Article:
What Is Title III?
Title III is a part of the Elementary and Secondary Education Act of 1965 (ESEA), as amended by the Every Student Succeeds Act of 2015 (ESSA). The purpose of Title III is to help ensure that English learners (ELs) attain English language proficiency and meet state academic standards. Federal funding is provided through various grant programs to assist state education agencies (SEAs) and local education agencies (LEAs) in accomplishing this. Some funds are offered to entities other than SEAs and LEAs, and SEAs and LEAs also offer subgrants to other entities.
What Is The Definition Of An English Learner (EL)?
According to ESSA, an EL is an individual who
- is aged 3 through 21
- is enrolled or preparing to enroll in an elementary school or secondary school
- meets one of the following criteria
- was not born in the United States, or whose native language is a language other than English;
- is a Native American or Alaska Native, or a native resident of the outlying areas; and comes from an environment where a language other than English has had a significant impact on the individual's level of English language proficiency (ELP); or
- is migratory, whose native language is a language other than English, and who comes from an environment where a language other than English is dominant
- has difficulties in speaking, reading, writing, or understanding the English language, that may be sufficient to deny the individual
- the ability to meet the challenging state academic standards;
- the ability to successfully achieve in classrooms where the language of instruction is English; or
- the opportunity to participate fully in society.
What Grant Programs Were Created By Title III?
The Title III State Formula Grant Program provides federal monies to the states for the education of English learners. States are required to demonstrate that EL students are proficient in state content and achievement standards in mathematics, reading or language arts, and science, and that these students are progressing in their proficiency of the English language.
The National Professional Development Program supports professional development activities intended to improve instruction for EL students and assist education personnel working with such children to meet high professional standards.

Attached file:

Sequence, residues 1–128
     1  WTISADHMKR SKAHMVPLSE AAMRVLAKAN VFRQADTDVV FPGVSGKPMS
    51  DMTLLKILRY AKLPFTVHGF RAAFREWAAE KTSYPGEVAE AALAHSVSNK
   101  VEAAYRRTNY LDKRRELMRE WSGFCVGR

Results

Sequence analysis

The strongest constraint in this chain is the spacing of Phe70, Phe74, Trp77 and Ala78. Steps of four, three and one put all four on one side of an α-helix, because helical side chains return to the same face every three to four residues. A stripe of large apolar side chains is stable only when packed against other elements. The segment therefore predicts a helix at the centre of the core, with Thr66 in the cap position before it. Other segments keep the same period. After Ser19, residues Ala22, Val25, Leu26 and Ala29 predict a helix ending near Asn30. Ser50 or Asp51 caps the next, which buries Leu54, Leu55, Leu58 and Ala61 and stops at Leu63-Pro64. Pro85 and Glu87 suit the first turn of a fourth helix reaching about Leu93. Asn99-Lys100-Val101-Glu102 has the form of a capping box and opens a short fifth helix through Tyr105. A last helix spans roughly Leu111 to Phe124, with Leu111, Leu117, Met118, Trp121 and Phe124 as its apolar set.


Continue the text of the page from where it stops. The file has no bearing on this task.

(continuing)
The Native American and Alaska Native Children in School Program provides grants for eligible entities that support language instruction projects for ELs from Native American, Alaska Native, Native Hawaiian, and Pacific Islander backgrounds.
Who Administers The Title III Grant Programs?
At the federal level, the Title III funds reserved for Native American and Alaska Native discretionary grants and National Professional Development discretionary grants—along with funds allocated to the Outlying Areas, the National Clearinghouse for English Language Acquisition (NCELA), and relevant evaluation activities—are administered by the Office of English Language Acquisition (OELA) at the U.S. Department of Education. Most Title III funds, however, are allocated to SEAs through State Formula Grants and administered by the Office of Elementary and Secondary Education (OESE) at the U.S. Department of Education.
Are Other Federal Funds Available For EL Education?
No, but a number of federal government programs fund research related to the education of English learners. NCELA provides a list of some of these programs, sponsored by offices in the Department of Education and in other departments and agencies. On that list, you will find links to program descriptions and applicant information, as well as links to funded research projects. The latter provide both examples of successful applicants to the various programs, and information on current research projects that may not yet have generated published findings.
Is There Information Available To Guide The Implementation Of Title III Funded Programs And Services For ELs?
In addition to the relevant legislation (https://www.ed.gov/ESSA), to further clarify questions of implementation of the law, in September 2016, the U.S. Department of Education published a Non-Regulatory Guidance on Title III, English Learners, and the Elementary and Secondary Education Act of 1965, as amended by ESSA. In 2015, the Department's Office for Civil Rights (OCR) and the U.S. Department of Justice (DOJ) jointly published a Dear Colleague Letter on "English Learners and Limited English Proficient Parents," to help state and local education agencies understand their legal obligations to ELs under federal civil rights laws. The U.S. Department of Education's Office of English Language Acquisition has since published the English Learner (EL) Tool Kit (and updated it as necessary per ESSA), which follows the 10-section structure of the DCL, and offers key points, check lists, sample tools, and additional resources to further assist states, districts, and schools in their legal compliance and in meeting the needs of ELs. Additional information on civil rights obligations to ELs and limited English proficient parents can be found on OCR's ELL resources page, and particular information on inclusion of ELs with disabilities can be found at the web page of the Office of Special Education and Rehabilitative Services.